“Well, it seems these boys were here a little while ago and they say you have this fella’s stolen car on your lot.”

Buz turned back around just as Jeff frowned at him and Tod. “I’ve never seen these two before, Frank.”

“That’s a lie!” Buz said “We were here and you got a blue 1960 Corvette on the north side of your lot that belongs to my buddy here.”

“Well, I’ve got a few Corvettes over there but I don’t have a sixty,” Jeff replied calmly. “You sure you got the right dealership?”

“Oh we got the right dealership,” Tod said evenly. He looked at the officer. “We were here, officer, and Mr. Fields here has seen us. He’s lying because the car is a stolen vehicle and he knows it.”

“Gentlemen, I don’t have a ’60 Corvette on the lot,” Jeff said. “Look, we can go out and take a look if you like.”

The officer nodded. “Let’s go have a look.”

“It’s not going to be there,” Buz muttered to Tod. The four headed out of the showroom and to the lot.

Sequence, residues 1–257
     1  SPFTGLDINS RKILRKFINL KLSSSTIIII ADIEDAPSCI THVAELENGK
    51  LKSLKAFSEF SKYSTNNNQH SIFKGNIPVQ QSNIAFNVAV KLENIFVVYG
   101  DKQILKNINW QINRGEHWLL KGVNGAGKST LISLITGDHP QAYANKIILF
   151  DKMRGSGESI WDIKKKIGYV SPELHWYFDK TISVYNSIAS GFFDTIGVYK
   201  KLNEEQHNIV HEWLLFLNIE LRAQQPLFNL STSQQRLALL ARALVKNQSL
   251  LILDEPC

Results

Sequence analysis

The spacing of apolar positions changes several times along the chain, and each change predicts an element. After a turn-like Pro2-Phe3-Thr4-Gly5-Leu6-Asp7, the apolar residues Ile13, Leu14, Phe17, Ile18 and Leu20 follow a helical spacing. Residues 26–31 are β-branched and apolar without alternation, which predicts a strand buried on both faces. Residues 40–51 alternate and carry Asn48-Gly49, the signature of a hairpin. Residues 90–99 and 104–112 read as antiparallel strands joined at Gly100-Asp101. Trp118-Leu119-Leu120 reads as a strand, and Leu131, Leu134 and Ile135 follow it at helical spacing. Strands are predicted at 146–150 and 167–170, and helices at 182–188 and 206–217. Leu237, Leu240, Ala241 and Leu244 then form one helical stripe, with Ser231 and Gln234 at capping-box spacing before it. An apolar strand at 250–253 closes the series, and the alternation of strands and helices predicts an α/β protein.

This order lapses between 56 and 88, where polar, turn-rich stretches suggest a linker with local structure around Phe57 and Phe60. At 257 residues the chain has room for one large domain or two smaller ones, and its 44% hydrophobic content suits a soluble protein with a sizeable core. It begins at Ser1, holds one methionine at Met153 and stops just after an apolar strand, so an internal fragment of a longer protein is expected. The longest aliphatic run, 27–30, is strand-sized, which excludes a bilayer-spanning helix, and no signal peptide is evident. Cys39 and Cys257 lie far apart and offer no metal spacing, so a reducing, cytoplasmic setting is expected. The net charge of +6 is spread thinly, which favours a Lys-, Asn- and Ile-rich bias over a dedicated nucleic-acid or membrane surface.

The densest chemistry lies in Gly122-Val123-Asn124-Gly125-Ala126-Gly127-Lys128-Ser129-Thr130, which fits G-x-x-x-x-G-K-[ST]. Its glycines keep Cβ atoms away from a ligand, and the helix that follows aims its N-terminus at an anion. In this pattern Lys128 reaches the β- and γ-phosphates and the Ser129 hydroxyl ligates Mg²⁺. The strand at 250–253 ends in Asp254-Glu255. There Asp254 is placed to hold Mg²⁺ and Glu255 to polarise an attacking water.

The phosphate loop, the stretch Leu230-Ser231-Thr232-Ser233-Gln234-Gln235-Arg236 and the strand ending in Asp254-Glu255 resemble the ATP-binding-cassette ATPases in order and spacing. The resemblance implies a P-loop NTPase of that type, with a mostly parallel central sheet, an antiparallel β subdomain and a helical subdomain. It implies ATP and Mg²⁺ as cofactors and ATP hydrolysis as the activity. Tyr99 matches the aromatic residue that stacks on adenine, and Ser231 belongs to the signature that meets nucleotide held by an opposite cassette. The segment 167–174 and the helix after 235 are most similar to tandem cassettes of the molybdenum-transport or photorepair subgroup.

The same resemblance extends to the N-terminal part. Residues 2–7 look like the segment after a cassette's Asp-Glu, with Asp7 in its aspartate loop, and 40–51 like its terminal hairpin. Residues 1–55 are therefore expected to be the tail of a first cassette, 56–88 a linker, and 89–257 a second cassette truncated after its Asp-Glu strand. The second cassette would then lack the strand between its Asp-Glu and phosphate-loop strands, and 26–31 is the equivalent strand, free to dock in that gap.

At the north end of the lot, Tod and Buz saw exactly what they were expecting. Only four Corvettes were parked there now. Tod’s blue one that had been in the middle was gone and the four remaining cars had been repositioned for the display.

“There you are,” Jeff said with a sweep of his hand. “Those are the only Corvettes I’ve got, all sixty-twos.”

“The car’s been moved, officer,” Tod said.

“Maybe,” the officer said. “But as it is, there’s no car here now and Mr. Fields has said he’s never seen you before. Now I’m sorry your car got stolen and all, but I ain’t sure what you two are up to with trying to accuse a respectable car dealership of selling stolen vehicles. Unless you can prove any of such a ridiculous accusation, I suggest you boys find something else to occupy yourselves with and stop wasting other people’s time.”

“Did you get a good deal on your car, officer?” Buz asked.

The officer raised an eyebrow. “Are you implying something?”

“Am I? I was just curious…”

“If you boys are done,” Jeff said, “you can go now. On your own. Or I can have the nice officer here escort you off the lot.”

“That a threat?” Tod asked.

“I reckon you boys can take that however you want,” Jeff said.

Buz stepped up to the officer and looked at the badge.